Hearing is Believing –
A driver slid off the road during a snowstorm. His cellphone was useless and so he walked until he found a house with an old mule munching on some hay near a barn in the backyard. He knocked on the door of the house and a farmer answered. The man explained his predicament and the farmer said he’d help. The farmer put on a coat, exited the house and walked over to the old mule, put a bridle on it and the three walked back to the car. As they were traveling the driver of the car wondered if the old mule could be of much help. They arrived back at the car and the farmer turned the mule around, attached the rope it carried to the car and to the mule and began yelling; “Go, Joe, go, Fred, go, Jim, go Barney!” The old mule pulled as hard as it could and the car slowly came out of the ditch and back on the road. The driver was amazed and thanked the farmer profusely! Before he drove off he had one question he had to ask the farmer. “Why,’ he inquired, ‘when the mule was pulling the car, did you yell; Go, Joe, go, Fred, go, Jim, go Barney?” “Well,’ replied the old farmer scratching his chin and then petting the mule. ‘Ol’ Barney here doesn’t see too good and I knew if he thought he was pulling by himself he’d never believe he could do it. So, I made him think he was on a team so he’d have the confidence he needed to get the job done.”
Wisdom teaches us that we are never alone. Whatever the situation, it is never so dire that whether we can see it or not, the help we need is there to do what needs to be done.
Most of us have plenty. In truth, most of us have more than we need. I was speaking with a co-worker this week and he was saying how amazed he was at how people in our organization and fellow organizations step up when there is a need in our community. I told him I agreed.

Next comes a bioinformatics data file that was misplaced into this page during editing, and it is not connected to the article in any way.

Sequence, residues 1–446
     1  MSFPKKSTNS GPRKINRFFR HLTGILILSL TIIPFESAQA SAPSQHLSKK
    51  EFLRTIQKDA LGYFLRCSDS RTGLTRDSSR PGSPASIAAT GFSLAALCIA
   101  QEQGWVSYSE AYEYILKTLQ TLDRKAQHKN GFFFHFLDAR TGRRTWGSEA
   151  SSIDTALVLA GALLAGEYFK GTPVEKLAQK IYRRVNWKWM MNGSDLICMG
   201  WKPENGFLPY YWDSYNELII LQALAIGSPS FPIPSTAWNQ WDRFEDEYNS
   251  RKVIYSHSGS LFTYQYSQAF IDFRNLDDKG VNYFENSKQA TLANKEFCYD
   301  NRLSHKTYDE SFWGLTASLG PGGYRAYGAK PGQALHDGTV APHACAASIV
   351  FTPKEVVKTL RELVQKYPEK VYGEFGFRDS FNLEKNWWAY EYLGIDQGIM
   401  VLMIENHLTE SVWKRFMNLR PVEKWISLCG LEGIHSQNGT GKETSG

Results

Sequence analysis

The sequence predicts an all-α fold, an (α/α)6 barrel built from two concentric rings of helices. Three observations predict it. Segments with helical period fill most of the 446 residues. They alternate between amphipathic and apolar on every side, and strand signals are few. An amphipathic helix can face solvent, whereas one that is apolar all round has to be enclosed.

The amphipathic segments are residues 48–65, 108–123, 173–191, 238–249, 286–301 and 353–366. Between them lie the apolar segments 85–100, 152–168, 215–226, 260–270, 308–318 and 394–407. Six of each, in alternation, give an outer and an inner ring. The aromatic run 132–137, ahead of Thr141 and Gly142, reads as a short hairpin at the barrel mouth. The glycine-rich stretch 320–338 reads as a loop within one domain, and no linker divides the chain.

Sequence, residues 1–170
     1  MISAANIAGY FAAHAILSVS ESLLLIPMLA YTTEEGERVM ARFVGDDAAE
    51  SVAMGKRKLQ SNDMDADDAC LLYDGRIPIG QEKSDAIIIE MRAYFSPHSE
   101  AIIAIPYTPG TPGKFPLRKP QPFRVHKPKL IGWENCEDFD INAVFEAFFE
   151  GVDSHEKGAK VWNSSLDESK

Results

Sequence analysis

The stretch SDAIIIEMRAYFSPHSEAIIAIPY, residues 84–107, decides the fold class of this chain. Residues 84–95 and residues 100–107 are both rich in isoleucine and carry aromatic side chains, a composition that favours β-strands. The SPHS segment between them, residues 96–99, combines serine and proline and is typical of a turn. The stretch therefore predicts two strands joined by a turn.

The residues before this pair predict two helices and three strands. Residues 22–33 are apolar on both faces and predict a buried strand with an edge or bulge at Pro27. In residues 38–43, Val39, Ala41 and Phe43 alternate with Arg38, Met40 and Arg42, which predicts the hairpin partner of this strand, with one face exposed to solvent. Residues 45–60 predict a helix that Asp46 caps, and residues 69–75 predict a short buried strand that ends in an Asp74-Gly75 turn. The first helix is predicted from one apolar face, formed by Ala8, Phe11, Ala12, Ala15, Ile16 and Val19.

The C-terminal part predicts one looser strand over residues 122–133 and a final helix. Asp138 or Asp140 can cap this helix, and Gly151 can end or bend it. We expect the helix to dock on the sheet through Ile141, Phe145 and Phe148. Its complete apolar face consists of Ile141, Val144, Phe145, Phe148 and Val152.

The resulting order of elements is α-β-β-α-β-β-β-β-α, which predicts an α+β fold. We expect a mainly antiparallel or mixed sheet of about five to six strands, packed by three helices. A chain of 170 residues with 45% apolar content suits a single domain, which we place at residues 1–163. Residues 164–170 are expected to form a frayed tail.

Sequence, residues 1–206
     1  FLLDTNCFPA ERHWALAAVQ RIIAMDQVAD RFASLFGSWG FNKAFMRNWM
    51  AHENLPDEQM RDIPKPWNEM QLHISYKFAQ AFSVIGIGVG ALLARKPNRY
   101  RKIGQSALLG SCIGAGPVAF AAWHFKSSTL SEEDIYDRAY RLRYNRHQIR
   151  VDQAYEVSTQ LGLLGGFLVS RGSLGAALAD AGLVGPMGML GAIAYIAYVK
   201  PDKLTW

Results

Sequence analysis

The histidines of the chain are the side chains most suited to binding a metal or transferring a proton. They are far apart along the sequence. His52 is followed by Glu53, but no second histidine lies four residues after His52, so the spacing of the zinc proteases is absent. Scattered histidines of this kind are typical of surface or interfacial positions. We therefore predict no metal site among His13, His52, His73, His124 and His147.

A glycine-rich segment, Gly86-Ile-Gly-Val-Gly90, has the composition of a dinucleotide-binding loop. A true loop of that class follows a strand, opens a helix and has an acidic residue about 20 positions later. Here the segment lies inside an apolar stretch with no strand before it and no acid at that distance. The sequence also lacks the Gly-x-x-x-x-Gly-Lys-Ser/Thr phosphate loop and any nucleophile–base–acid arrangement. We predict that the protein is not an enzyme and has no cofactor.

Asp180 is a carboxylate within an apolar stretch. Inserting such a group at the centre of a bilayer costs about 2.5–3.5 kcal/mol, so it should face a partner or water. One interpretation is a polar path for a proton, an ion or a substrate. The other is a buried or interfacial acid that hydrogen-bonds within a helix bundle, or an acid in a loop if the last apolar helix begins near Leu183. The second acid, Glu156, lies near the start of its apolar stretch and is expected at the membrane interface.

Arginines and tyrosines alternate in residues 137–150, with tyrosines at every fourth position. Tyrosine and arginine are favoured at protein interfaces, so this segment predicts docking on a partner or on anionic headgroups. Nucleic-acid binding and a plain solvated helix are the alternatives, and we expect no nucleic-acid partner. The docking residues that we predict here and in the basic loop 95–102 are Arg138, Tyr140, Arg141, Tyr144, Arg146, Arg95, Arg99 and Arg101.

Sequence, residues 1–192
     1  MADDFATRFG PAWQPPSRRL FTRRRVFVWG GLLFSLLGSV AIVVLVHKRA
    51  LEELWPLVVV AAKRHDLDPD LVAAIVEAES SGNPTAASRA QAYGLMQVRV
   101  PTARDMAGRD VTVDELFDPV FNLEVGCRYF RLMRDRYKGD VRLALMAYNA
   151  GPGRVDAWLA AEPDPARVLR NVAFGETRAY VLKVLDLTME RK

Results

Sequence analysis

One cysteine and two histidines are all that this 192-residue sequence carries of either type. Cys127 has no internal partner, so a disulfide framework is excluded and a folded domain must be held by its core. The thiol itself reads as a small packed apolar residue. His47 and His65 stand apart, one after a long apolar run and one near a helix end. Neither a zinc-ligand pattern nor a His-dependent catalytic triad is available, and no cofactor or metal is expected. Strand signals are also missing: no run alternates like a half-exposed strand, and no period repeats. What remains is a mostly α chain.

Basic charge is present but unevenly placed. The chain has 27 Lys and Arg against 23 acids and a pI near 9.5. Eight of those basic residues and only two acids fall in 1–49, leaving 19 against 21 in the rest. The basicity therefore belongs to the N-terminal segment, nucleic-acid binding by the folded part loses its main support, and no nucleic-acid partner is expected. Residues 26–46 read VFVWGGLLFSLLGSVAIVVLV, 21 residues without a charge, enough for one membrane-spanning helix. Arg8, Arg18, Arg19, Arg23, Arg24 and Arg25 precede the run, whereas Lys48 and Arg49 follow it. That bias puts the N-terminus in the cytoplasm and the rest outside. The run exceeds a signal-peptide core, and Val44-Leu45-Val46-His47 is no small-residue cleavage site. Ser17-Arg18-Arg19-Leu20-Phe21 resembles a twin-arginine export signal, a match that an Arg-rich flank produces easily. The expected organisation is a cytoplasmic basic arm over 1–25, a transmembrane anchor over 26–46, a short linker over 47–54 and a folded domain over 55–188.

We work with a lot of folks who are having a rough time. In certain situations it’s their own poor decisions, in others, the community, the state, and the federal resources have failed them. They feel and at times are the forgotten ones. There are residences you go into and cannot believe what you see. The basics of food, clothes, electricity, heat, medicine do not seem accessible and many are at the end of their ropes.
It’s hard when you know the suffering of others to come home. There may be cracks in the walls, leaks in the ceiling, toilet paper runs out and food spoils, but your house is a palace in comparison to these you see and spend time helping. These are the ones who empty and need to be filled. Much of what you have becomes superfluous, extra, easily given away because you know you won’t miss it.
It’s hard to imagine but can you, for a moment, think of living in a world where it wasn’t; “This is mine and you can’t have any!” to a place of sharing and; “What’s mine is yours.” Only when we begin to give away what we possess do we discover we have everything we need.
Today I’ve been thinking about the eclipse which happened yesterday. It was awesome and am thankful I was alive to see it. However, I’ve also been thinking about the fact that we see the sun and the moon every day. All we have to do is look up at the correct time, as with the eclipse, and we can see both in much if not all of their glory. What made yesterday’s event special was the two occupying the sky at the same time. It was so spectacular we bought dorky looking glasses, closed down schools and businesses, marked the day on our calendar and watched the time closely. All so we wouldn’t miss two objects in the sky, hundred of thousands of miles away from us, come together.
The moon is about 200,000 miles from the planet we call home. This seems like a huge number until we realize the sun is almost 93 million! Yet, for a few moments yesterday, the moon, which is much smaller, blocked out the sun. The difference is compared to the sun, the moon is sitting right next to us.
Reflecting on this I begin to wonder about our proximity to each other and the troubles we are all trying to overcome. Sometimes the obstacles and dangers we face seem so big and terrible. They are daunting and overwhelming until someone does something kind for us. Then, even if for a few moments, the act of mercy and grace is what we see not the enormous challenges we are fighting to overcome.
There are people we know who are fighting for their very lives. An enemy, a disease, a crisis of a sort that we ask; “What can I do?” The answer is simple; be kind. We will be amazed at the difference a random act of kindness can make.